The diet cycle feeds into itself. You’ll find yourself stuck in this loop of diet after diet, never getting or feeling healthier, and just getting more and more frustrated the more cycles you complete.
Sometimes the diet cycle takes a few days, a week, or even a few months. But if you’re stuck in the diet cycle, you will see this pattern repeat.
Getting Stuck in the Diet Cycle is Not Your Fault
I want to reiterate that nothing about the diet cycle is your fault. The fault lies squarely on restrictive diets. Chaotic eating (including overeating and binging) in response to restriction and deprivation is completely normal, and here’s a little exercise to show how:
Practice Activity: Your Body’s Response to Restriction
Exhale deeply, get rid of every last bit of air, then hold your breath.
Right now, just hold your breath, as long as you can.
Hold it. Keep holding. Keep holding…
Did you notice how that first breath was a HUGE inhale? Gasping for air, trying to inhale as much as you possibly can?
It’s like a pendulum swing - when you pull the pendulum far in one direction, it overcompensates when you release it, swinging past its neutral middle ground to the opposite extreme.
Your Body is Designed to Protect Itself
This pendulum effect with psychological and biological consequences is common in several bodily experiences:
- Holding your breath? Psychologically you’re fixated on the fact that you’re not breathing. Biologically you may start to feel a little dizzy and no matter how hard you try, you’ll soon be gasping for air.
- Sleep deprived? You’ll be overcome with fatigue and even psychologically all your thoughts will be fixated on sleeping. When you finally sleep again, you may find yourself sleeping longer than usual.
- Dehydrated? You’ll become consumed with the thought of drinking water and when you finally access water again, you’ll likely chug it, biologically requiring more to get back to a place of normal hydration.
Your Body Doesn’t Know the Difference Between Intentional Restriction (Dieting) and Unintentional Restriction (Starving, Limited Food Access)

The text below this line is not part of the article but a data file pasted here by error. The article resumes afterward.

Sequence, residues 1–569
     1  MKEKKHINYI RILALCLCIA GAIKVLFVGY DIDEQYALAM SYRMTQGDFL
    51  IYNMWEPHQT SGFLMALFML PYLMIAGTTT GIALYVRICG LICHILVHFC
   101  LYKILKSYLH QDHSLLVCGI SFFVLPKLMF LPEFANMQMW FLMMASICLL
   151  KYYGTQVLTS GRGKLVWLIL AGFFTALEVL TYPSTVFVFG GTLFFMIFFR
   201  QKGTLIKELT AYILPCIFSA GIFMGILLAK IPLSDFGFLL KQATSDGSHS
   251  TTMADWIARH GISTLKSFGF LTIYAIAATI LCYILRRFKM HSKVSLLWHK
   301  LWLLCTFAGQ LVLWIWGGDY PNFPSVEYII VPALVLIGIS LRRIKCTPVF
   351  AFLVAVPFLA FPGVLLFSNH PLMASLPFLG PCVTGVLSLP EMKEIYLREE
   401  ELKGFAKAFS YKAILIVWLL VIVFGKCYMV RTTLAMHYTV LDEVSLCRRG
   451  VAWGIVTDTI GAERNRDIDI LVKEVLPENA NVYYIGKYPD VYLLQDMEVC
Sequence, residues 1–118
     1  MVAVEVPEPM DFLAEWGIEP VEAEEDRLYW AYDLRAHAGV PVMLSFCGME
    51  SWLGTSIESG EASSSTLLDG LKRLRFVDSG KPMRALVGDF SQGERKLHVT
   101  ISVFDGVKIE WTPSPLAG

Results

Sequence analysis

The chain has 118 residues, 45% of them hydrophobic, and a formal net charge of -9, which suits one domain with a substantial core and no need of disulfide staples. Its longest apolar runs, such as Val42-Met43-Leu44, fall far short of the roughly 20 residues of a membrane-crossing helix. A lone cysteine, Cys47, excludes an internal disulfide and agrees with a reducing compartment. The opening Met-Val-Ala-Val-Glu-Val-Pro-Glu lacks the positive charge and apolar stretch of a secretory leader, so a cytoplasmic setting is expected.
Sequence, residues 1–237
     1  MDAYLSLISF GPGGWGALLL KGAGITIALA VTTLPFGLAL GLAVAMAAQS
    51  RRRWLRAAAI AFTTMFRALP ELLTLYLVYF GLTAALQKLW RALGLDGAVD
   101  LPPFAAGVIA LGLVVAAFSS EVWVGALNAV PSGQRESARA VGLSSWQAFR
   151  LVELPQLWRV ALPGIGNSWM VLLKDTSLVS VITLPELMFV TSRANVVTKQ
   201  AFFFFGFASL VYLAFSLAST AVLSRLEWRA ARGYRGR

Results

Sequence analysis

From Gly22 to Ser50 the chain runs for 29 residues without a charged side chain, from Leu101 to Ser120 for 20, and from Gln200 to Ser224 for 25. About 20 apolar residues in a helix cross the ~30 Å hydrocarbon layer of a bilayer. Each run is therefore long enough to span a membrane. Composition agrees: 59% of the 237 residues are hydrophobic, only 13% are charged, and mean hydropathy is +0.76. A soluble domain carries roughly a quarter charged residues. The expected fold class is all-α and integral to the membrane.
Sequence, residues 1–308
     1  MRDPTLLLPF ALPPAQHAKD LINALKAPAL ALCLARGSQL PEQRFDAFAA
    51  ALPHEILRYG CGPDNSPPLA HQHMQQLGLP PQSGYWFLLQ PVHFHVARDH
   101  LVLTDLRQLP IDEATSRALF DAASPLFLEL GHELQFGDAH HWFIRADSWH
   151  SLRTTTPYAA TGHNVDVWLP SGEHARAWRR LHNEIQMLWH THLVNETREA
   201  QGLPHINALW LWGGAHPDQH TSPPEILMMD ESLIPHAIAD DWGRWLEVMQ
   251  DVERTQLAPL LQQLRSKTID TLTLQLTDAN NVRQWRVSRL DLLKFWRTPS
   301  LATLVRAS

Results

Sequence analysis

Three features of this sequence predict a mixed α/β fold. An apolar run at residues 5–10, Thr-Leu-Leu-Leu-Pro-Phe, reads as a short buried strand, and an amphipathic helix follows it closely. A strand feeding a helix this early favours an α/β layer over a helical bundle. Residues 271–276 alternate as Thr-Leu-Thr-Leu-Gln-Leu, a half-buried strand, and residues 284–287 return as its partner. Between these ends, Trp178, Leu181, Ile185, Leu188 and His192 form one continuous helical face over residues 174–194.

The exact same thing happens with food restriction, too. Your body needs to be nourished, it needs food to survive. When you are severely restricting your food intake, your body doesn’t know that you’re doing it on purpose. You’re wired to survive, and if your body senses that your food intake is severely restricted, it wants to avoid starvation. You become consumed with hunger, mentally are fixated on food, and you begin to feel out of control, almost desperate.
Chaotic Eating is a Normal Biological & Psychological Response to Dietary Restriction
And when you are able to eat again? Your body’s normal, natural drive to eat kicks in and you overeat, or even binge. Eating can almost feel involuntary at times, but instead of gasping for air, you’re standing in the pantry shoveling spoonfuls of peanut butter.
There is nothing you can do. All the hacks in the world won’t be enough to subsist on severely restricted diets long-term. Your body is wired to ward off restrictions and extremes. Eventually the pendulum always swings.
And again - the diet cycle feeds into itself. Dieting and restricting is seen almost as a positive character trait, like yay! You care about your health! But binging and overeating is seen as a problem, a personal flaw. When in actuality - it’s reversed.The real problem lies with restrictive, depriving diets - and overeating and binging is just a rebound effect, a natural and normal consequence of the diets.
How to Get Out of the Diet Cycle
So what now?
Well - you need to stop dieting. The only way out of the diet cycle is to stop dietary restriction. Let go of the pendulum. Focus on nourishing your body, cultivating a better relationship with both food and your body, and finding a healthy balance.
What does this look like?
- Giving yourself permission to eat all foods that you enjoy.
- Eating enough.
- Eat in a balanced eating pattern.
- Learn to understand your hunger and fullness signals.
- Honor your hunger.
- Practice more mindful and present eating experiences.
- Create new habits by focusing on your behaviors, not outcomes.
- Focus less on what everyone says you should do, and more on what you want and need to do for you.
- Add things to your diet, habits, and life, not subtract (like instead of trying to take out carbs, could you try adding more vegetables?).
- Make sure any changes you make are realistic for you. Sure, maybe 10,000 steps is a great goal to shoot for, but would simply going for a 15 minute daily walk be a more realistic, but still slightly challenging goal for you right now?
And finally, don’t be afraid to work with a professional. So many health professionals, like myself, are here to help. I’ve got all sorts of free content (like this article on Adopting a Healthy Lifestyle!) on my site (and TikTok and Instagram!), and will be releasing a premium, affordable program later this year (sign up for the waitlist to be the first to hear about it!).
Additionally, if your relationship with food is to the point where it’s in very disordered territory or an eating disorder, I highly recommend you work with a therapist.